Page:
As we move into the adolescent years of the 21st century, allow me to discuss where research in mechanisms and robotics has been as a prelude to considering where it is going.
Mechanisms have been characterized by the curves that they trace since the time of Archimedes (1). In the 1800s, Reuleaux, Kennedy, and Burmester formalized this by applying the descriptive geometry of Gaspard Monge to the analysis and synthesis of machines (2). Watt invented a straight-line linkage to convert the linear expansion of steam into the rotation of the great beam, making the steam engine practical (Fig. 1), and captured the imagination of the mathematician Chebyshev, who introduced the mathematical analysis and synthesis of linkages. About the same time, Sylvester, who introduced the Sylvester resultant for the solution of polynomial equations, went on to lecture about the importance of the Peaucellier linkage, which generates a pure linear movement from a rotating link (3). Influenced by Sylvester, Kempe developed a method for designing a linkage that traces a given algebraic curve (4) that even now inspires research at the intersection of geometry (5,6) and computation.
In the mid-1950s, Denavit and Hartenberg introduced a matrix formulation of the loop equations of a mechanism to obtain polynomials that defined its movement (7). During a speech in 1972, Freudenstein famously used the phrase “Mount Everest of kinematics” to describe the solution of these polynomials for the 7R spatial linkage (8). In this context, the “solution” is not a single root but an algorithm that yields all of the roots of the polynomial system, which in turn defines all of the configurations of the linkage for a given input.
It was immediately recognized that the 7R analysis problem was equivalent to solving the inverse kinematics for a general robot manipulator to obtain the configurations that are available to pick up an object. By the end of the 1970s, Duffy (9) formulated an efficient set of equations for this problem, but it was not until the late 1980s when the degree 16 polynomial that yields the 16 robot configurations was obtained by Lee and Liang (10).
By the mid-1990s, computer algebra and sparse resultant techniques were the most advanced tools for formulating and solving increasingly complex arrays of polynomials obtained in the study of mechanisms and robotics systems (11,12). In 1996, Husty used computer algebra to reduce eight quadratic equations in eight soma coordinates that locate the end-effector of a general six-legged Stewart platform to a degree 40 polynomial (13), which allowed the calculation of the 40 configurations of the system.
In 1959, Freudenstein and Sandor (14) used the newly developed digital computer and the loop equations of a linkage to determine its dimensions, initiating the computer-aided design of mechanisms. Within 2 decades, the computer solution of the equations introduced by Denavit and Hartenberg was integral to the analysis of complex machine systems (15,16) and the control of robot manipulators (17).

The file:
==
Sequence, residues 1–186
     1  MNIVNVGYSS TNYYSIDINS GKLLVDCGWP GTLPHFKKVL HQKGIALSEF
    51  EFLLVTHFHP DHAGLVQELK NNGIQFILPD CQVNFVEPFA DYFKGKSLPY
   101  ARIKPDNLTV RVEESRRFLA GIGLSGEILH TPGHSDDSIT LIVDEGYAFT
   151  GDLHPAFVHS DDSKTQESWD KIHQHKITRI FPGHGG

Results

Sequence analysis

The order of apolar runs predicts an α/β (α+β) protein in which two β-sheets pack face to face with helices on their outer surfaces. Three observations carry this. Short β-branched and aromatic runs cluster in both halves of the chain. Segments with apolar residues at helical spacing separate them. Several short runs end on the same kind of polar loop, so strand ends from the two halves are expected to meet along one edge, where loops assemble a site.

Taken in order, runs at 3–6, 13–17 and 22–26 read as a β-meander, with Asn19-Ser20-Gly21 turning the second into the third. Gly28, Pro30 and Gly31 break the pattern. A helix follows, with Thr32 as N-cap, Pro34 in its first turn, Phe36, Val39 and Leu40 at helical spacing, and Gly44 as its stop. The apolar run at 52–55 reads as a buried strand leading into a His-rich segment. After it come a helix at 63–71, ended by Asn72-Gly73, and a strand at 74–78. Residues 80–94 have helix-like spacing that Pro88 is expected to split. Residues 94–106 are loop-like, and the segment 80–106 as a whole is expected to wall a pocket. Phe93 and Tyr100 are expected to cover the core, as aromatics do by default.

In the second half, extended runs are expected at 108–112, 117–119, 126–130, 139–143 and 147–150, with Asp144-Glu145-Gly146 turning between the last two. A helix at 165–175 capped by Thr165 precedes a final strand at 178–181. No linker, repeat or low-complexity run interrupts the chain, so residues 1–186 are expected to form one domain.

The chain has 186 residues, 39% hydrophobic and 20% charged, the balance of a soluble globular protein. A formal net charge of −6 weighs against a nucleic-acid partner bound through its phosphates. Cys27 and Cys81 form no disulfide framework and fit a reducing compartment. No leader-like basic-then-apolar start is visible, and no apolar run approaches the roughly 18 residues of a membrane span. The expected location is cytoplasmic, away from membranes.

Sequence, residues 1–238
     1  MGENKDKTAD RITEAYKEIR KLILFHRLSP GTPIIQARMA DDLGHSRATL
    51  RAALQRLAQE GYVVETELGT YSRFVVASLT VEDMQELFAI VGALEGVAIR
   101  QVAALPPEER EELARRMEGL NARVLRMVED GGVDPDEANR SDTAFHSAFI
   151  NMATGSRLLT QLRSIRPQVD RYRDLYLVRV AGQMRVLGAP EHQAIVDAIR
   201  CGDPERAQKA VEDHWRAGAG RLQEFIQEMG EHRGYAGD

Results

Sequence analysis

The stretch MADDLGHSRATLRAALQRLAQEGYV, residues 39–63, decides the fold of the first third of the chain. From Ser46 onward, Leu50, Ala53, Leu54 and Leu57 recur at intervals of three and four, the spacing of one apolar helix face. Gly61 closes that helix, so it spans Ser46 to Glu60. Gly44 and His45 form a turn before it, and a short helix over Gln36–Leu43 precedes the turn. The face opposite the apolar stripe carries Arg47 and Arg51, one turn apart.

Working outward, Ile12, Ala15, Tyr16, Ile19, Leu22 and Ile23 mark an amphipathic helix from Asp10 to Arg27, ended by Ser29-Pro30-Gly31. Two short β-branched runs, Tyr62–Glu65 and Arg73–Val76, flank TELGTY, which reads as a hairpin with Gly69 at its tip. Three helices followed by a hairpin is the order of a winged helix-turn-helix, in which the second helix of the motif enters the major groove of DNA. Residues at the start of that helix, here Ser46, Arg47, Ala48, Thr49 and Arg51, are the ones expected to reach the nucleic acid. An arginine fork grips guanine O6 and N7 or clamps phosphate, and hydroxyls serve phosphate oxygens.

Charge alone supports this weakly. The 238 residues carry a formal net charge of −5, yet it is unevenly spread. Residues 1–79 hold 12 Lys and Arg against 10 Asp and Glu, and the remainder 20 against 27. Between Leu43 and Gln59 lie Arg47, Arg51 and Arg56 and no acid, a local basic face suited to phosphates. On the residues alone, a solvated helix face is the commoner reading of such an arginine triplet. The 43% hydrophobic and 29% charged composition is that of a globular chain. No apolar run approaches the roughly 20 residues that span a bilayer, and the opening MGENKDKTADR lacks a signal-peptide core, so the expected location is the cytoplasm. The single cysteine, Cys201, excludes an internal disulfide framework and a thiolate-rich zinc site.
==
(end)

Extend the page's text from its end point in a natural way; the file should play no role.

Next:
Kaufman et al. (18,19) combined the computer’s ability to rapidly compute the roots of polynomial equations with a graphical display to unite Freudenstein’s techniques with the geometrical methods of Reuleaux and Burmester to form KINSYN, an interactive computer graphics system for mechanism design (Fig. 2). This was followed by the LINCAGES system of Erdman et al. (20,21) and the RECSYN system of Chuang et al. (22), which combined sophisticated computer graphics and polynomial solvers to implement Burmester’s strategy for linkage synthesis. Computerized linkage synthesis was extended to spherical linkages (23,24) and spatial linkages (25) by the turn of the 21st century.
The pursuit of solutions to the design equations for the particularly challenging problem of finding a four-bar linkage that traces a curve through nine specified points led Freudenstein and Roth (26,27) to develop a unique solution strategy, now called numerical continuation. They started with a set of polynomials with a known solution, which was then deformed slightly, and the solution was updated numerically. Iterating this “parameter-perturbation procedure,” they obtained a sequence of polynomials and solutions that converged to the target polynomials and the desired solution. While this yielded the first solutions to the nine-point problem, their heuristic deformation procedure could not find all of the solutions.
By the 1980s, theoretical advances in numerical continuation yielded algorithms that could reliably and efficiently find all solutions to small sets of polynomial equations (28,29). Tsai and Morgan (30) applied the polynomial continuation routine SYMPOL to the eight quadratic polynomials of the inverse kinematics problem for a general manipulator and obtained 16 roots in 4 min. In the early 1990s, Wampler and Morgan (31) revisited Freudenstein and Roth’s nine-point synthesis problem to obtain 1442 solutions, demonstrating that polynomial continuation algorithms had come of age.
A few years later, Raghavan and Roth (32,33) included polynomial continuation with resultant elimination among the strategies to obtain complete solutions to kinematics problems. In fact, Raghavan (34) used polynomial continuation to obtain 40 configurations for the general Stewart platform, anticipating Husty’s degree 40 polynomial.
The goal of this survey is to show that in the past century, our ability to analyze and design mechanisms and robotic systems of increasing complexity has depended on our ability to derive and solve the associated increasingly complex polynomial systems. From this, we can expect that advances in computer algebra and numerical continuation for the derivation and solution of the even more complex polynomial systems will advance research in mechanisms and robotics.